The Maple Avenue Nature Park, which opened earlier this year, is a model for another top recommendation in the master plan: Mow less. The parks department spends a large portion of its budget just mowing grass, more than 1,000 acres during the growing season, said Eddie Bird, parks superintendent. The Maple Avenue park is designed to require little mowing, allowing wild plants to grow freely in most areas. It was originally billed as a “no mo’ mow” park; however, a small portion near the front will still require mowing, Bird said.
“We liked it,” Booth said. “It was a nice walk around” the pond, a 1 kilometer trek.
Booth is a north-ender, so park planners would be happy that she and Diesel were using the new park. It is one of a dozen city “neighborhood parks,” designed to draw nearby residents, not necessarily the whole city. Most neighborhood parks are fewer than 10 acres in size, while larger, “community parks,” such as Deming, can be more than 100 acres.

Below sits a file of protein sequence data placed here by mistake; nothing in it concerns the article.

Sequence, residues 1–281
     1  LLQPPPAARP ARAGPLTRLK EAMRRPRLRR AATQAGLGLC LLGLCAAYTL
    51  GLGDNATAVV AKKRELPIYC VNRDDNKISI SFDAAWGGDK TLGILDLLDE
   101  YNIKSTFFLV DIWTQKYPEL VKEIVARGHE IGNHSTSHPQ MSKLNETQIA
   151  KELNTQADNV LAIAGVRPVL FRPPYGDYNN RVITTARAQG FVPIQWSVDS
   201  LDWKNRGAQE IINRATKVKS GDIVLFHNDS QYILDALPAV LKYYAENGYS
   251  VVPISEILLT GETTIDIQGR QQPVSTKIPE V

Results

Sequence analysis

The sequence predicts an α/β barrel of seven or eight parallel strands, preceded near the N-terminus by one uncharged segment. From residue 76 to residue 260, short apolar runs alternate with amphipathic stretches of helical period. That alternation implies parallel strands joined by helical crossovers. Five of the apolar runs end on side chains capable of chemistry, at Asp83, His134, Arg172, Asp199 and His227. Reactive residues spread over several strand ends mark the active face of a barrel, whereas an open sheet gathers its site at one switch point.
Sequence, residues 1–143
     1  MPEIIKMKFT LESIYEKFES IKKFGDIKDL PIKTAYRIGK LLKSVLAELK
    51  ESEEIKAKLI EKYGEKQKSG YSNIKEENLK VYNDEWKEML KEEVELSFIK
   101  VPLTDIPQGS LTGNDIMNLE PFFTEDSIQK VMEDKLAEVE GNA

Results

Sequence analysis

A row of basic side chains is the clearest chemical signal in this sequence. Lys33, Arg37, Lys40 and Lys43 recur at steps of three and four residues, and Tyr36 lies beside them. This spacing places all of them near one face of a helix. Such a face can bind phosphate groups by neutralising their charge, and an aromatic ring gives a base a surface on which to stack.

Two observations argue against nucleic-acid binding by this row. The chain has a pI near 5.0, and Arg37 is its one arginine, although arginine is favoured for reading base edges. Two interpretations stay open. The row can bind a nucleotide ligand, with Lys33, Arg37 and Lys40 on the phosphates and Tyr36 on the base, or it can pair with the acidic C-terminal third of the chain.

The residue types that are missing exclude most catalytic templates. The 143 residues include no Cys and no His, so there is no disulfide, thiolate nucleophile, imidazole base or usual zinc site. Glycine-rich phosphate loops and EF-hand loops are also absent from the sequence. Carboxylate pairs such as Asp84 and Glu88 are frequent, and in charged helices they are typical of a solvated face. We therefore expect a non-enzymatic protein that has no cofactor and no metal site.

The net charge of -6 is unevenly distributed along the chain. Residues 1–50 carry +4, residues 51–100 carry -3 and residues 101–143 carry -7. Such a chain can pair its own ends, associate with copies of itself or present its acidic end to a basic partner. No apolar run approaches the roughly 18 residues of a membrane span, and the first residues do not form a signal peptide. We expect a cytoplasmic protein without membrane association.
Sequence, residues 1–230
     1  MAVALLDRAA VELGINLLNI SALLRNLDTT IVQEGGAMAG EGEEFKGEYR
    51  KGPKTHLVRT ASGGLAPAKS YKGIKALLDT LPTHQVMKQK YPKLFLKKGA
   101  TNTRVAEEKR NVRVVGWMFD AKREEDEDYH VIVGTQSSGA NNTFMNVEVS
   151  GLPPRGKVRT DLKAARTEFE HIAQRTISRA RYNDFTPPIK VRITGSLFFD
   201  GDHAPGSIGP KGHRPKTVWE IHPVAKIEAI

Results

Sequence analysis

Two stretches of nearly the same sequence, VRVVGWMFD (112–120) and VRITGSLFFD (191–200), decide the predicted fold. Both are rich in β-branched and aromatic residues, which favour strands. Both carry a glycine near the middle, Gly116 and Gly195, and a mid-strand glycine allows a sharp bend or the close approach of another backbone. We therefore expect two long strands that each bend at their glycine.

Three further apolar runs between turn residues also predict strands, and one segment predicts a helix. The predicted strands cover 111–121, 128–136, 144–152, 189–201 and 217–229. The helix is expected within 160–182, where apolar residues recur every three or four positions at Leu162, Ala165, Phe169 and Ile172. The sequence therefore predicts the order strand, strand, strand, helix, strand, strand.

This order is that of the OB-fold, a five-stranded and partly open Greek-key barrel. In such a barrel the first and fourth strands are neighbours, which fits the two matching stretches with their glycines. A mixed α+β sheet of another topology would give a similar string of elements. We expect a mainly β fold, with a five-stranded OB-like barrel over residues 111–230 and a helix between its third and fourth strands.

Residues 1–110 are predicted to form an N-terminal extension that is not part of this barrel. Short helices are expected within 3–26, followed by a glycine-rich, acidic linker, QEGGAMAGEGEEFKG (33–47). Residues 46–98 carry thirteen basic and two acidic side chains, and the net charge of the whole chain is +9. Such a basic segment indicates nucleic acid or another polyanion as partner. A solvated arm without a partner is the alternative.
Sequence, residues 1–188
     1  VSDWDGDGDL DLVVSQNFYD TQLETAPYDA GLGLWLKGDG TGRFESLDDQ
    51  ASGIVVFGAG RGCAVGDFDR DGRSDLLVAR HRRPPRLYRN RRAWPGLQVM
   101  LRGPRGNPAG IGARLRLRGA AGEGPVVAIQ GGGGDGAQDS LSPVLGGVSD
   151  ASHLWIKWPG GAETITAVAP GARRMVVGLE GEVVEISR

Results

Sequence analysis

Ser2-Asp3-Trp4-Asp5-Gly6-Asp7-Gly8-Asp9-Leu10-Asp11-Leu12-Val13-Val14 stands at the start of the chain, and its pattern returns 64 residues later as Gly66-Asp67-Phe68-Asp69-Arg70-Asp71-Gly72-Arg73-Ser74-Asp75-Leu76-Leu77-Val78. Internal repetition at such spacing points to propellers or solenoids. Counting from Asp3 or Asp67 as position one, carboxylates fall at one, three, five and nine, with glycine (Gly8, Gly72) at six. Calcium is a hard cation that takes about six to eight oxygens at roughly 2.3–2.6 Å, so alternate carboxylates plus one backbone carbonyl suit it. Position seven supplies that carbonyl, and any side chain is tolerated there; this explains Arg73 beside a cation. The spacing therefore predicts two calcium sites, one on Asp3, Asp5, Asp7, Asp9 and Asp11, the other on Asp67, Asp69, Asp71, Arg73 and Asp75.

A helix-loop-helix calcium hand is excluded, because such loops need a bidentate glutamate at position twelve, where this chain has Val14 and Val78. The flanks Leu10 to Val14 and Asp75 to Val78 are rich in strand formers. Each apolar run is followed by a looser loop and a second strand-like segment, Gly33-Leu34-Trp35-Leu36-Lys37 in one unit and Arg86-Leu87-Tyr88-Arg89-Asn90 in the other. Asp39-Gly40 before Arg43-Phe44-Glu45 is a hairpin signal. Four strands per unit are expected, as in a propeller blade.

Pretty but impractical
The city has nearly three dozen park properties to maintain and some – the smallest parks – may not be a good use of the parks department’s limited resources. A few of the tiniest parks, while adding aesthetic value, sometimes contain just a single picnic table, a bench or a flag pole. They are candidates for removal from the department’s list of responsibilities, according to the 2014-18 plan.
“We will strategically look at” finding ways to reduce the parks department’s maintenance load, said Mayor Duke Bennett Friday. “We’ve got to focus on the places that are utilized.”
A few tiny parks in the city are a half acre in size or smaller. These “block parks” often include only a sign, a few trees and a picnic table. One park, called “Five Triangles” or “Terre Town” on Lafayette Avenue and 25th Street, doesn’t even have a bench to sit on and is about the size of a volleyball court.